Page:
This was supposed to be Puli’s week. But it’s going to be the clash of the debutant directors week. Delays in VFX and CG works pushed Puli’s release to October 1. And three films, Trisha Illana Nayanthara, Maya and 49-O, were quick to grab the vacant spot.
It’s debutant director Adhik Ravichandran’s birthday on September 17, and he already feels the release of Trisha Illana Nayanthara (trailer here) will make this the ‘best birthday ever’. The film stars GV Prakash, Kayal Anandhi, Manisha Yadav and Simran. With the title carrying the names of three heroines she looks up to, a back to school Anandhi outfitted in double plaits and uniforms for the film admits expectations are riding high – ‘What if someone says Anandhi’s no Trisha?’ Arya will have a cameo appearance, and seemed pleased with composer-actor’s dance moves in ‘Bittu Padam Di’. Despite an ‘A’ certificate, certain scenes had to be trimmed, which left Ravichandran unhappy with the censor board. We’ll have to wait and see if all that sound and fury was worth it.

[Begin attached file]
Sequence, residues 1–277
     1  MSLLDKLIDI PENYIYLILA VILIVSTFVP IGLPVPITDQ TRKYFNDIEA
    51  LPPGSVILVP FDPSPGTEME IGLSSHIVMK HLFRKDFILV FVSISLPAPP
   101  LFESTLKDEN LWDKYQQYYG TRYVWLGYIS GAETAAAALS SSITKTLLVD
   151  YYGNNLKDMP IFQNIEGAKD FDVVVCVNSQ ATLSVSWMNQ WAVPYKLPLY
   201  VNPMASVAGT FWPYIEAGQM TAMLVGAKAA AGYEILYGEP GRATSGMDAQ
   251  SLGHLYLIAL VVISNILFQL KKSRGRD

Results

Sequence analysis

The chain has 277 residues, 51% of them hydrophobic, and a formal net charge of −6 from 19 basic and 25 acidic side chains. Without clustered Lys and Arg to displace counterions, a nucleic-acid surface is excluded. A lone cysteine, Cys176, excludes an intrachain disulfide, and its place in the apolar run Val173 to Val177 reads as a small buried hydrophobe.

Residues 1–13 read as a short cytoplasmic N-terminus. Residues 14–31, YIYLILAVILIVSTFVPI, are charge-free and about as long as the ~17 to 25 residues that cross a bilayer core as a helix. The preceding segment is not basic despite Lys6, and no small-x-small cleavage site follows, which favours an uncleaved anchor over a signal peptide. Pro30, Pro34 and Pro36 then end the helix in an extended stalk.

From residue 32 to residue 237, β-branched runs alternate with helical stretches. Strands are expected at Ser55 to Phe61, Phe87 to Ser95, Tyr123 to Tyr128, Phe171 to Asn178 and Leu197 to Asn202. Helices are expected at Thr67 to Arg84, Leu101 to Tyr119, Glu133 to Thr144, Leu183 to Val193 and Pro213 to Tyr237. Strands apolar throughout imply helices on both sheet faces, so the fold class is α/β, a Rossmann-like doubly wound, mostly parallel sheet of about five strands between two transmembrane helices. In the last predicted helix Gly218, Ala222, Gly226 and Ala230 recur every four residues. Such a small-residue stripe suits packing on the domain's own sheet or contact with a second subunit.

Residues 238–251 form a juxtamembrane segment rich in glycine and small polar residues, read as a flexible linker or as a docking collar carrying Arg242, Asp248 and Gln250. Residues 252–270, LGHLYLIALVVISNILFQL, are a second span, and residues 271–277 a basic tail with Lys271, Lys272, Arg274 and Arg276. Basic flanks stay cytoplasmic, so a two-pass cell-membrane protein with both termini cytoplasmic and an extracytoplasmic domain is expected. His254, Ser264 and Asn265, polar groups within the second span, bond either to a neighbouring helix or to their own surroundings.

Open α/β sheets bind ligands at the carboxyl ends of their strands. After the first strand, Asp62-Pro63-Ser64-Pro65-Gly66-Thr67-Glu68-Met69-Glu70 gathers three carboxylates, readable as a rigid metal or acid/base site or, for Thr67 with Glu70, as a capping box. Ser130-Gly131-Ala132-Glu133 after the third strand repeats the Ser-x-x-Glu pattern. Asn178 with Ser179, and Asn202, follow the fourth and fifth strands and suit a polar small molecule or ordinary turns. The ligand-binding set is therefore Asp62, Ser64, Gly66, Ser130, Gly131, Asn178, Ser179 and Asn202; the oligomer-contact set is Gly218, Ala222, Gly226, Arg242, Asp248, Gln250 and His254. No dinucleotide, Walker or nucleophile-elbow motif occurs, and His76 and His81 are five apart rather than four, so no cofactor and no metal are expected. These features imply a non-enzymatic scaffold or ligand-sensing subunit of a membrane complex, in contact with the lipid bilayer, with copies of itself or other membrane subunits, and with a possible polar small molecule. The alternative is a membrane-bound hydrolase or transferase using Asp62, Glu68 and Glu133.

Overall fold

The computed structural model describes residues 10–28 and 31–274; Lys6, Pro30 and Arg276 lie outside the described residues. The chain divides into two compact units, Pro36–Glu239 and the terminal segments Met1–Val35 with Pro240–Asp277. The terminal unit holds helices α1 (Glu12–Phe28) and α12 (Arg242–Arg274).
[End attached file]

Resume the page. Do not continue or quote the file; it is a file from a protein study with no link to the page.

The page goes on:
And then there’s 49-O (trailer here). It’s a comedy drama. It’s a political satire. Its motto is “adhigama sirikka, konjam sindhikka“ (laugh more, think less). If you’re wondering about the title, 49-O is an election conduct rule in India, the ‘Right Not To Vote’. It was annulled in 2013 by the Supreme Court, and replaced with a ‘None of the above’ option. (Further reading: here). If only we had something similar for cinema (‘Don’t even make this film!’).
Comedian Goundamani is back after a long break, and plays a farmer. Aside from Goundamani, there’s Chaams, Balasingh, Guru Somasundaram, Thirumurugan, Munnar Ramesh, VIS Jayapalan and Alwa Vasu. And Vijay smoothed the way for the film to release at all.
Supernatural horror drama Maya (trailer here) has something in common with Trisha Illana Nayanthara. It has Nayanthara. It’s also directed by a debutant director – Ashwin Saravanan. If Saravanan is to be believed, according to this report, this isn’t just another scary movie. Along the lines of a Stephen King gripping tale, Maya will also draw the audience in emotionally. Saravanan feels horror isn’t about what you feel when you’re about to die. “It’s a feeling that makes you want to die than go through this,” he says. Now that is certainly promising.
Fun fact: Whenever the team tried to shoot a certain ghost scene in a forest, it would start raining. Every single time. Until the director himself was spooked. In his words, “I still feel it wasn’t just a coincidence and there was something more to it.”